Central European Free Trade Agreement (Cefta)

Many non-tariff measures have been identified and are governed by the General Agreement on Tariffs and Trade (GATT), such as quantitative restrictions. B; others, in particular. B, import licences; Technical barriers to trade as well as health and plant health measures are covered by other multilateral agreements of the World Trade Organization (WTO). As a result of the necessary ratification procedures, this new FTACE came into force in all areas between July and November 2007. The speed with which they ratified the agreement demonstrates the parties` faith in the importance of the FTACE in promoting economic development and the EU accession programme in the region. Several studies and benchmarks to measure the perception of trade barriers in the CeFTA region refer to the trade facilitation environment in the CTAA region. For example, the World Bank`s „border crossing“ indicators indicate that the parties to the CTAE are doing better than other economies in transition in terms of the time and costs associated with the logistics process of exporting and importing goods. Albania, Serbia and the former Yugoslav Republic of Macedonia are the best results, indicating that, according to these indicators, traders face less procedural barriers to trade in these economies. The ALECE region has embarked on the ambitious task of removing administrative barriers to trade. The fact that half of the contracting parties to the CTATA are not members of the WTO is a significant challenge and that the TFA is not directly applicable to them.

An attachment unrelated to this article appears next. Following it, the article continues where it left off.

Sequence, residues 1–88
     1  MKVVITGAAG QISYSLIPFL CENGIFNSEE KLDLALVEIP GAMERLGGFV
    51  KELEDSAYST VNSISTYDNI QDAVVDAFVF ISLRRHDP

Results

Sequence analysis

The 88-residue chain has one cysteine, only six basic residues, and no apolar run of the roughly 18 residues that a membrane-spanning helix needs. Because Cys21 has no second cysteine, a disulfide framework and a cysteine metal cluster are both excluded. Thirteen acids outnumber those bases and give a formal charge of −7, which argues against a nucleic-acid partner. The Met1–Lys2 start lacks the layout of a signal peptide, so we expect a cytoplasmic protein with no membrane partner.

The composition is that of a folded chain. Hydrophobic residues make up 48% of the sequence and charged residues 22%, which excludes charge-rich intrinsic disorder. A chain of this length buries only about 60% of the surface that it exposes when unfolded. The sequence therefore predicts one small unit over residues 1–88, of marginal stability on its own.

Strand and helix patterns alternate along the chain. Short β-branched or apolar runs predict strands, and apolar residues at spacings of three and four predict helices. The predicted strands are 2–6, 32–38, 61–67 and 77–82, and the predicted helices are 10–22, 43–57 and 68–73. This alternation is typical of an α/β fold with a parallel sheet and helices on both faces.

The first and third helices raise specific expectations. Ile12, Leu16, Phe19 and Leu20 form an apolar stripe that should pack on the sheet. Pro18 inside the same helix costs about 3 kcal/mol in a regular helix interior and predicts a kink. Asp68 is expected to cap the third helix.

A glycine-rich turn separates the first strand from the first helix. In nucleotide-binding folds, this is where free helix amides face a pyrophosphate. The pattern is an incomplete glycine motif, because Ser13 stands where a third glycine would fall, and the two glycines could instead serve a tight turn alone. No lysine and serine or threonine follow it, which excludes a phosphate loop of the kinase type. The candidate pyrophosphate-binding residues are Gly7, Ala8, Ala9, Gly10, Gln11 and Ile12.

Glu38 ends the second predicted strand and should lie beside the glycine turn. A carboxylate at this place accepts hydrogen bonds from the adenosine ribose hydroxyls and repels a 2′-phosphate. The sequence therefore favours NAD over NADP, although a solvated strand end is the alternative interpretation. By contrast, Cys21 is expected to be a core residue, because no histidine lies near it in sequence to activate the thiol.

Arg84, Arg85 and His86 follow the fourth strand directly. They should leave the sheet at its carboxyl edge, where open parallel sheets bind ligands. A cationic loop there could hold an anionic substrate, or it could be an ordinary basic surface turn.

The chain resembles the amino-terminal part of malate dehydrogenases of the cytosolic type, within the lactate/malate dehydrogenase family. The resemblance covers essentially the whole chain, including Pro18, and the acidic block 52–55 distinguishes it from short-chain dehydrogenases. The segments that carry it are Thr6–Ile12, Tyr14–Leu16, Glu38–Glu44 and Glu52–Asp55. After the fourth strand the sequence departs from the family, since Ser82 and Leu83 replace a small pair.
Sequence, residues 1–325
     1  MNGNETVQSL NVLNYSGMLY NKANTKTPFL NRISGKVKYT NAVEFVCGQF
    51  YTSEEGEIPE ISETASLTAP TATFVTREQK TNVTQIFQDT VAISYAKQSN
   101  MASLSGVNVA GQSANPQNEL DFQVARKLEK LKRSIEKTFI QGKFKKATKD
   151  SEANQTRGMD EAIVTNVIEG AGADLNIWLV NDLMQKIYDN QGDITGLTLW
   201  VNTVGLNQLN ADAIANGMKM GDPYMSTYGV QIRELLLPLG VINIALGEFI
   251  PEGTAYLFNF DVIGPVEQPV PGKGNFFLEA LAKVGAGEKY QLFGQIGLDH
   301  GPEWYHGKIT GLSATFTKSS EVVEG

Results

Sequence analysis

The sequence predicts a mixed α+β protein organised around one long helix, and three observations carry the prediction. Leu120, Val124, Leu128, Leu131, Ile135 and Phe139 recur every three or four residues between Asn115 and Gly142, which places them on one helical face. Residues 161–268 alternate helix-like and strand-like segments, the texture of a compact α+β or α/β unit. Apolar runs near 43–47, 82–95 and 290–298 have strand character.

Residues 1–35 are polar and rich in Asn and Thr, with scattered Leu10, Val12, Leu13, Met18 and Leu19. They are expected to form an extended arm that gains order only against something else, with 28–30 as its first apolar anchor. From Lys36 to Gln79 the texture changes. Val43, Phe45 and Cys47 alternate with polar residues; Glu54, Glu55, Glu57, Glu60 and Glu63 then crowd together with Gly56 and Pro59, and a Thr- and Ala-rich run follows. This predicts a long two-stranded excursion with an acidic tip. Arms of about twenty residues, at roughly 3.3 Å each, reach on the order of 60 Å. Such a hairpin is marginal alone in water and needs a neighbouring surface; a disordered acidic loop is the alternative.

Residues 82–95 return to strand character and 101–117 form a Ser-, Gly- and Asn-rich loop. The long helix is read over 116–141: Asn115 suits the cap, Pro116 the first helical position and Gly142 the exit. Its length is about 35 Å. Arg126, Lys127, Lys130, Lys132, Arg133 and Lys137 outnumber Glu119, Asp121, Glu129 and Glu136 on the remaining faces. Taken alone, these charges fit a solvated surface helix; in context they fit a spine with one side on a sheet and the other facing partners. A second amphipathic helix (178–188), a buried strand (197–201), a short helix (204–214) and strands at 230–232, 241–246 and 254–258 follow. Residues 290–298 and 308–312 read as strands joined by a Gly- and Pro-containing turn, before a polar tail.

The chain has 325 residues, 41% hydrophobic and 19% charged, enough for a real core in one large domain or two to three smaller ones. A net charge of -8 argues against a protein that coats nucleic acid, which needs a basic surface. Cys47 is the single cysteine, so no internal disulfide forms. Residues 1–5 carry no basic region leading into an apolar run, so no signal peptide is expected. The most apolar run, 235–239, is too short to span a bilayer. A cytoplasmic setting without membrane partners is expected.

That is why the region has developed a particular instrument: the Trade Facilitation Protocol (Additional Protocol 5 of the CTA). The author, Dr. Predrag Bjelic, is a professor of international business; Head of the Department of International Economics at the Belgrade Faculty of Economics and academic coordinator of UNCTAD courses on key issues of the International Economic Agenda (paragraph 166 courses) for economies in transition. On 19 December 2006, in Bucharest, under the presidency of Romania, the Central European Free Trade Agreement was profoundly amended and its membership was expanded to create the FTACE in 2006 – a modern and ambitious free trade agreement with six new parties in south-eastern Europe. Today, the watchword in international trade is trade facilitation. Trade-related administrative and procedural measures can significantly hamper the efficiency of the flow of goods across national borders. The new WTO Trade Facilitation Agreement was developed to strengthen multilateral provisions to eliminate, within the WTO legal framework, the effects of these measures on trade barriers. Note: The TFA provides for the categorization of trade facilitation measures into three categories (A, B and C) relating to each country`s implementation capacity.